XEC: I cannot begin to measure the ways that I have grown. It is always easiest for me to look at how I’ve grown as an artist through how I’ve grown as a stage manager, which is the label I’ve had the longest. I was a stage manager before I came out as a lesbian, before I came out as agender, before I accepted and started to celebrate being fat. And on the very first day of rehearsal I thought to myself at least 5 times, “ah, now I understand why directors do that,” and I have only continued to think of those things. I believe in following my instincts in so many aspects of my life, including theater, and directing for me has become especially about following my instincts. To tell this story does not have to be hard; the words are there, we just have to say them.
I most recently stage managed for Leah Adcock-Starr, and I don’t know if I would be as sure on my feet in directing this show if I hadn’t spent a month in the rehearsal room with her. She led a calm and collected room that made us all feel secure. I knew that was what I wanted to do, and that the way for me to do it was not to copy her exactly, but to emulate the confidence that I could find my own way of making a space that was gentle to us; gentle enough to give us freedom in creating this piece, which is full of hard emotions, hard discoveries, and the realities of life.
I have learned an immense amount about trusting myself as an artist. I have spent more than a decade basking in the energy and talent of directors I admire and cataloging the things directors do that make actors uneasy, nervous, and generally not okay. Being in rehearsals for this show has solidified in me the idea that to create a wonderful show, you must have a cast that feels safe to do so. While that’s a belief I have held for most of my career, this show has taught me to speak out and to have a say in the room about making that a priority.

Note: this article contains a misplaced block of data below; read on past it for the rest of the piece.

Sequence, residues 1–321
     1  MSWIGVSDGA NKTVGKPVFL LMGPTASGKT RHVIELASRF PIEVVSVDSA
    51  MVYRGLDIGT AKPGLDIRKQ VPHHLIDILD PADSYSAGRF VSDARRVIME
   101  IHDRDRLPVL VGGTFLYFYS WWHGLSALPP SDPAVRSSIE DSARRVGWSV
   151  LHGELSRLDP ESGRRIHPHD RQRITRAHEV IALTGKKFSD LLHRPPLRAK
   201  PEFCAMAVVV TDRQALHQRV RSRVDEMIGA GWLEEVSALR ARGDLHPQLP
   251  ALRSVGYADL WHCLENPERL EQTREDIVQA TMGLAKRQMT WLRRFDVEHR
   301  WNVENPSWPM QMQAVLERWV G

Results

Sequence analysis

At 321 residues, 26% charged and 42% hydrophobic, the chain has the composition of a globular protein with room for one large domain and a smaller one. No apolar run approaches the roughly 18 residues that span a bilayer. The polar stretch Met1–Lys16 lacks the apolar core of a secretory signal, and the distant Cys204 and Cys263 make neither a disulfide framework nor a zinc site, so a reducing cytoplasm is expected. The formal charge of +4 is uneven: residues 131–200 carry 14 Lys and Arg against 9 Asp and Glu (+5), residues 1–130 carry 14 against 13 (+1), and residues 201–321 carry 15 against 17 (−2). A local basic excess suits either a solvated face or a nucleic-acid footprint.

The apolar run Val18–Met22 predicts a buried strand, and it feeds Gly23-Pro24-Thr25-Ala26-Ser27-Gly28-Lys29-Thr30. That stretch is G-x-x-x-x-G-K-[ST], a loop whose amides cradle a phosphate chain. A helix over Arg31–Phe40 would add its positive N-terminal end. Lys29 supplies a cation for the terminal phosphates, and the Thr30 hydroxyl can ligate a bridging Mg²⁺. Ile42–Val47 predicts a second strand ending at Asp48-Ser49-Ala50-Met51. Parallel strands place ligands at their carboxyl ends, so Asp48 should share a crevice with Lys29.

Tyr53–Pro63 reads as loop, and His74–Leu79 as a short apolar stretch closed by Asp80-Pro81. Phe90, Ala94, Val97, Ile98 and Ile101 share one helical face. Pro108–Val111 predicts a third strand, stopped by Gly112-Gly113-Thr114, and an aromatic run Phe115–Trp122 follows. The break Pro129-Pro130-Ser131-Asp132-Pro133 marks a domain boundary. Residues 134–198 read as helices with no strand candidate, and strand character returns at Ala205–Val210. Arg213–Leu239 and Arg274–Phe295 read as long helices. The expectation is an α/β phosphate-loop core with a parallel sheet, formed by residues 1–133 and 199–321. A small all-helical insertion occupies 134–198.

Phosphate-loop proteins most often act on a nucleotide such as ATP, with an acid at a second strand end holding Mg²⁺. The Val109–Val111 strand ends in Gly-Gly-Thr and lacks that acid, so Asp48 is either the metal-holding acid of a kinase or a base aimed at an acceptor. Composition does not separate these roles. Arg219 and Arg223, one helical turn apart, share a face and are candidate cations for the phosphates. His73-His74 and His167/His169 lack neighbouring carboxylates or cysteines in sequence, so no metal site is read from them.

I have learned to take deep breaths, to close my eyes, and to trust. I’m used to being the person in the room people look to for answers, about things like where the bathrooms are and how long the show runs. Now I have learned that I can be the person to have answers about characters, circumstances, the core beliefs and the deep mindset of the play itself. I can trust myself to feel and be a part of the story, not just a facilitator of its telling.
ATL: What do you hope audiences take away from Sagittarius Ponderosa?
XEC: If people walk away from the show thinking that its going to be okay, then I’ll feel I’ve done my job. Obviously I’d like them to walk away thinking about more than that, but the crux of this play, boiled down to the barest, is that it's going to be okay.
I think its also worth considering the people in your life who are scared to be themselves around you, not through any fault of yours, but because each person in our lives goes through something different than we do each day.
I hope people leave thinking about the family they have and to think about them from a perspective not their own. We are often very selfish – it's in our nature. We only see the world through our own eyes, and so rarely take time to consider the inner workings of the people who care most about us. What does a child think? What does a mother need? What is grandma planning? Who are the people in our lives who we see everyday and are overlooking because of it?
ATL: Anything else you want our audiences to know?
XEC: Sagittarius Ponderosa is not a tragedy, but rather a story about how we deal with tragedy. About how our lives are not linear – one event does not wait patiently for the previous to finish – and that each person is unique in the way they exist in this world and how they see it around them. It's never to late to learn, or to grow, and that when we survive the fires in our lives, we are stronger for it.
Catch Xandria's work on stage: tickets for Sagittarius Ponderosa are on sale now. Get yours today!